P7. Trade of the World. British Policy of Expansion. Financing Increased Imports
[Letter to The Times, 21 April 1933, p. 8]
21 April 1933
Sir,--The burden of Mr. Brand's interesting article in your issue of to-day is that we should wait on a revival abroad, especially in America.  That such a revival is much to be desired is common ground. The matter on which one may well beg leave to differ from him is the policy of inertia which he recommends for Great Britain in the meanwhile.
His substantial point in defence of this view is expressed in the following words:--
That a depreciation of sterling would in certain circumstances be disastrous to other countries may be admitted. But there is all the difference in the world between a depreciation of sterling due to a withdrawal of funds from Great Britain and a depreciation due to an increase of British buying. The former would be a further drag on the world price level, would tend to widen the gap between world prices and world costs, and enhance the difficulties of foreign countries. The first impact of the latter on the outer world would come through an increased British demand for goods and have a stimulating effect.
Increases as well as recessions of demand spread in modern conditions from country to country with remarkable celerity. An increase of British purchases might well prove to be a contribution to world recovery. There is little doubt that the depreciation of sterling in the period 1931-32  had a depressing effect on the outer world; but this was precisely because the depreciation of sterling was associated not with an expansion but with a contraction of British imports.
Our proper policy is to increase employment and buying power at home. This might be expected to entail some increase of imports. The remarkable maintenance of our volume of imports during the period of great recession (1929-1931)  suggests that, if the process were reversed, the volume of imports would not greatly increase. This is no doubt due to the fact that they so largely consist of necessities of life, which even the unemployed have continued to consume. Some expansion of imports must, however, be expected, and, if no revival occurs abroad, the sterling foreign exchange rate might have to fall to stimulate a corresponding increase of exports. If the fall in sterling were kept within these limits other countries should not be damaged. If it is possible to keep the fall in sterling within these limits, Mr. Brand's point is fully met.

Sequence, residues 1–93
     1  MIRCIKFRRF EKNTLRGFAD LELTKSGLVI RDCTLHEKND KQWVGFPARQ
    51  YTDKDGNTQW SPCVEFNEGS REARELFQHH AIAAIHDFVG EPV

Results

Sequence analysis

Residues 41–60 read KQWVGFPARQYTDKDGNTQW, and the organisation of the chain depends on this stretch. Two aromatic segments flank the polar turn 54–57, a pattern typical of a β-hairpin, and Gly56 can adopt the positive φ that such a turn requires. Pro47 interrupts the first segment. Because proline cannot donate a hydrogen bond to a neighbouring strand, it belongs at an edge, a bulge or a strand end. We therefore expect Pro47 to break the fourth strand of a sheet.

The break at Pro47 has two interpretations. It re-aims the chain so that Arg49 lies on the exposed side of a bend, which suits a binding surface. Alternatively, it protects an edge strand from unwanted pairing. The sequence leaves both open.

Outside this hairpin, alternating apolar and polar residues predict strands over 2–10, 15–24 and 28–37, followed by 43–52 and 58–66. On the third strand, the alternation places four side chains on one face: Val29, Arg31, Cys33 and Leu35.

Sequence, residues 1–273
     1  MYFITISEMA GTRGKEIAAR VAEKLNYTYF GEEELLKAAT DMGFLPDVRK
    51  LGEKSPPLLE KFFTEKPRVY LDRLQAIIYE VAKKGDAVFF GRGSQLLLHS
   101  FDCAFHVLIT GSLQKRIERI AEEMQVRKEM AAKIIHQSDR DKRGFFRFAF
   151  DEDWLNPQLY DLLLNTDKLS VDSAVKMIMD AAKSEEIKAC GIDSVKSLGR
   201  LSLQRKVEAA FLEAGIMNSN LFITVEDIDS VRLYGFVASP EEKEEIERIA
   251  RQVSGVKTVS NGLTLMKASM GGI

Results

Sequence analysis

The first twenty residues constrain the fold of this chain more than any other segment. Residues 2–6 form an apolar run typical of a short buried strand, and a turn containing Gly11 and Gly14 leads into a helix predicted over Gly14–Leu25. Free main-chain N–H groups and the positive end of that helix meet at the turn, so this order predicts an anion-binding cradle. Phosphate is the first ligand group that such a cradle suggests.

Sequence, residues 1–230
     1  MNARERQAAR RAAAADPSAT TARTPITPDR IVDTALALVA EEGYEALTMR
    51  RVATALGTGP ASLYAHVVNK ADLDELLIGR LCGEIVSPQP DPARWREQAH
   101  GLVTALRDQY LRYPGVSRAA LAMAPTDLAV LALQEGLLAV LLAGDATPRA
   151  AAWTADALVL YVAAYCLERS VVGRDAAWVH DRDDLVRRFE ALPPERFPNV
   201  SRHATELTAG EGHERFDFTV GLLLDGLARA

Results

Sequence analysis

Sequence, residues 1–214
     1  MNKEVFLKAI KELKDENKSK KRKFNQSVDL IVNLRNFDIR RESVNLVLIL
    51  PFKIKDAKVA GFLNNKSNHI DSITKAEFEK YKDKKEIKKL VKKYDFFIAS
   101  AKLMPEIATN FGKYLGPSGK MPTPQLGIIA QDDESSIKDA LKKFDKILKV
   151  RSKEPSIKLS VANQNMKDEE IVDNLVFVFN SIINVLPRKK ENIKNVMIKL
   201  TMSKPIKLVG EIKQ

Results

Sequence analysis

And it should be possible. If the authorities are known to be pursuing the policy of expansion in a firm and clear-sighted manner, there should be no weakening of confidence. Bear speculators can only succeed in depressing sterling if they can shake confidence and produce a more extended flight from sterling. But if confidence is sustained our authorities have quite sufficient funds to counteract bear operations. Sterling should not be allowed to fall below the rate required to finance our import trade, and the repercussion of our expansive policy will then be beneficial and not deleterious to foreign countries.
Mr. Brand in effect advises us to hand over the initiative to the United States for technical reasons. If it appears that the technical difficulties can be overcome, we should surely hesitate to adopt this advice. Tradition, temperament, and character are of great importance in the matter of leadership. May events show that we are still not altogether deficient in the required attributes.
2. Following its departure from gold in September 1931, sterling depreciated 30 per cent by the end of the year.
3. The volume of UK imports was 114.8 in 1929 (base 1913 = 100), 111.1 in 1930 and 113.6 in 1931; see for instance B. W. E. Alford, Depression and Recovery? British Economic Growth 1918-1939 (London: Macmillan, 1972), p. 57.
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